By John Millen
We all know the importance of first impressions. They can make or break a relationship.
This is particularly true if you have a new boss, are in a new company or even a new assignment in the same company.
I have a lot of clients and friends who have gone through big transitions during the past year, changing jobs or positions, and have found the transitions challenging.
Their success is not guaranteed. In fact, some research studies conclude that nearly 50 percent of new hires fail in the first 18 months.
There will be many opportunities and landmines in your new position that will contribute to how you fare. But your relationships will ultimately determine your success or failure.
And no relationship will be more important than the one you nurture and maintain with your boss. While her perception will be influenced by the reputation you develop with people in the culture, ultimately, she will decide whether you have won or lost.
When I counsel clients or friends in new assignments, the book I most often recommend is The First 90 Days: Proven Strategies for Getting Up to Speed Faster and Smarter, which The Economist calls “the onboarding bible.”
This book gives you the tools you need to create and execute a 90-day plan for success in any new assignment. It applies to everyone from senior leaders to new college graduates.
I find author Michael Watkins’ analysis of the five most essential discussions with your supervisor to be right on point. He goes into detail about how to handle these transition-related discussions.
Even if you are not in a new job, these discussions could be valuable for helping to reset the relationship with your current boss.
Watkins warns not to treat these discussions and individual interactions as separate meetings:
Your relationship with your boss will be built through ongoing dialogue. Your discussions will begin before you accept the position and continue into your transition and beyond.
In practice, your dialogue about these subjects will overlap and evolve over time. You might address several of the five issues in a single meeting, or you might work out issues related to one subject through a series of brief exchanges.
These are the five conversations Watkins recommends. I’m including only brief insights into his much more detailed analysis of each discussion area. The quotes are from Watkins.
- The situational diagnosis conversation.
To achieve success, you’ll need to understand the facts of the situation you’re facing. But more important will be knowing how your boss perceives the environment and your role in change. “Your view may differ from your boss’s, but it is essential to grasp how she sees the situation.”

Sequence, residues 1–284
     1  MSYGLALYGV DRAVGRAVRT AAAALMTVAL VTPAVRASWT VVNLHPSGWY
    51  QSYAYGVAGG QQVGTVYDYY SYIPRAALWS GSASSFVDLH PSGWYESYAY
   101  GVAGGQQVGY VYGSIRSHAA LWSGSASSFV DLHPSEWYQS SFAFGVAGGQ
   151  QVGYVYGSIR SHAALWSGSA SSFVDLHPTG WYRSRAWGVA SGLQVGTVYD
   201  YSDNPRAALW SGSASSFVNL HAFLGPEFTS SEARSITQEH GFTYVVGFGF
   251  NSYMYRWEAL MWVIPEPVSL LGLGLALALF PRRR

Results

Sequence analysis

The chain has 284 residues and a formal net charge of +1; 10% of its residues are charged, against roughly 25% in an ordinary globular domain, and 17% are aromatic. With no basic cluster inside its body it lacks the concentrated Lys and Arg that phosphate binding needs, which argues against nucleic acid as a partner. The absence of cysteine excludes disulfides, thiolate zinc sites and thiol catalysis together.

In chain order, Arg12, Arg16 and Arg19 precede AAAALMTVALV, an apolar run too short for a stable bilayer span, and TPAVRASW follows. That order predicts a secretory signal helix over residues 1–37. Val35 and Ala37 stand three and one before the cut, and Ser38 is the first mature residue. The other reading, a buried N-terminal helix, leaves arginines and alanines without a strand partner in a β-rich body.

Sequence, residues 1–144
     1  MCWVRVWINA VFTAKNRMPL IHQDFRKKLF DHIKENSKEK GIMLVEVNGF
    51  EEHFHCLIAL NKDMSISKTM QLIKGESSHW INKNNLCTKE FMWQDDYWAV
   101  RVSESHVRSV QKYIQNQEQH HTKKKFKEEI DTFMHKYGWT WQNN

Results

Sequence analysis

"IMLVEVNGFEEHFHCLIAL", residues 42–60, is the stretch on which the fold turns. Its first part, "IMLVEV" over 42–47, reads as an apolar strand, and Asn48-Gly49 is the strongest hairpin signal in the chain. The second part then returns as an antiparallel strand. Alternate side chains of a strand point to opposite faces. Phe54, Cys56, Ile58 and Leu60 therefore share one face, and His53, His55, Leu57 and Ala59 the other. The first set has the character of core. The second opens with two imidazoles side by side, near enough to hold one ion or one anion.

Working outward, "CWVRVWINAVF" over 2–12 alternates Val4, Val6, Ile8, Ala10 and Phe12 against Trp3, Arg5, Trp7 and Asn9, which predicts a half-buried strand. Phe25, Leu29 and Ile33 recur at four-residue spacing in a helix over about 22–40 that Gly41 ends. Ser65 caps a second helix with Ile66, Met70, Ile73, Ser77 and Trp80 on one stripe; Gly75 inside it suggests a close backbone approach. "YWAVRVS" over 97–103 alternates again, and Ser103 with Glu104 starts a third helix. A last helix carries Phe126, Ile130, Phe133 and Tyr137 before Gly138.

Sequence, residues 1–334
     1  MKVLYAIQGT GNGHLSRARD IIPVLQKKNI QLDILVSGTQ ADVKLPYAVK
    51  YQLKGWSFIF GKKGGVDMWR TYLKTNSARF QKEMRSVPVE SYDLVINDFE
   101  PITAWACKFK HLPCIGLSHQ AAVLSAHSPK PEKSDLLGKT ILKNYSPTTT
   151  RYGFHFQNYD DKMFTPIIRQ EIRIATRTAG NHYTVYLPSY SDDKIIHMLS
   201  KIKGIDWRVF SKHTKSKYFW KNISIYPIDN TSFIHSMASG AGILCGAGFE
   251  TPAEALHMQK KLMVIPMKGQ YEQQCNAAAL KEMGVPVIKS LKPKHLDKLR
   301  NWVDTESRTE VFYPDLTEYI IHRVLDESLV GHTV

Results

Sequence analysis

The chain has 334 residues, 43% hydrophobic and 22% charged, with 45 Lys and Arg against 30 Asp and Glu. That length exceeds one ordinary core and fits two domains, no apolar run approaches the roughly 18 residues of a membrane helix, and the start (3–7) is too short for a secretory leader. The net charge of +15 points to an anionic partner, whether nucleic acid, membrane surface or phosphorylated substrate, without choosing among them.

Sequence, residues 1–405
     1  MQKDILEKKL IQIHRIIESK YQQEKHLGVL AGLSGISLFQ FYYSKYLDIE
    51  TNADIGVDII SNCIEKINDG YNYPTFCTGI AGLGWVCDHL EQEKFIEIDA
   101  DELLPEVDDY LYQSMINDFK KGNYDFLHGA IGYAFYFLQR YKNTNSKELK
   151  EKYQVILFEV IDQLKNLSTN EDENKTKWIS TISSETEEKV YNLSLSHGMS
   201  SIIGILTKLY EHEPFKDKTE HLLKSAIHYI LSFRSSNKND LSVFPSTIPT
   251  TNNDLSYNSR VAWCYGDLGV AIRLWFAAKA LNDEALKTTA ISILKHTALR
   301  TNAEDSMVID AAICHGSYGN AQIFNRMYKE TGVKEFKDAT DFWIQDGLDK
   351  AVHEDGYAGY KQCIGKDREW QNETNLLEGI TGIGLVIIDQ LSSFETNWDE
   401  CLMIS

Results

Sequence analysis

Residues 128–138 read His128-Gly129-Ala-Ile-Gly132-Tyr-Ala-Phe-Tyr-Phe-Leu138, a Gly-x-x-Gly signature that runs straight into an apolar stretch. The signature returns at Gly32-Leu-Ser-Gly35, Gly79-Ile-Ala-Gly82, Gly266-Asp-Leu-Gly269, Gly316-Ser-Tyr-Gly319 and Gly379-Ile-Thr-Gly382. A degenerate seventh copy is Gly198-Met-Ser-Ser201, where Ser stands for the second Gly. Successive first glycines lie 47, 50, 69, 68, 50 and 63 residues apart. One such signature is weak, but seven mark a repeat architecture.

- The expectations conversation.
This talk is aimed at not only understanding but also negotiating your boss’s expectations. What is most important for you to do in the short- and medium-term? What does your success look like, and how will you be measured? “You might conclude that your boss’s expectations are unrealistic and that you need to work to reset them. Also…keep in mind that it’s better to underpromise and overdeliver.”
- The resource conversation.
This is your negotiation for critical resources. This could be funding, people or specific support you’ll need from your boss within the organization. “Key here is to focus on the benefits and costs of what you can accomplish with different amounts of resources.”
- The style conversation.
It’s also important to focus on how you and your new boss can best interact. What communication form does he prefer, including urgent matters, and how often? Face-to-face? Phone? Email? Text? “How do your styles differ, and what are the implications for the ways you should interact?”
- The personal development conversation.
Watkins recommends that you have this discussion after a few months when you feel your relationship is reasonably well established. “[Y]ou can begin to discuss how you’re doing and what your developmental priorities should be. Where are you doing well? In what areas do you need to improve or do things differently?”
As I’ve written before, success in life is all about relationships.
And in a new position, no relationship is more important than the one with your supervisor. Giving early thought and time to nurturing that relationship will yield priceless benefits throughout your career.
One thought on “How to Be Successful with Your New Boss”
I appreciate how this post provides insight and different advice for those first entering the workforce. As a public relations professional, first impressions are one of the most important factors when selling yourself to a new boss. It is especially important for college students to understand the harsh realities of the real world, knowing that success is not always guaranteed. I enjoyed reading that “expectation conversation” is a real thing, and knowing how to stay inside those boundaries when communicating with a boss is vital for success. All in all, having a stable relationship with your boss is the most important when entering a new job. New opportunities and benefits will come alive if the relationship is flourished in the right way.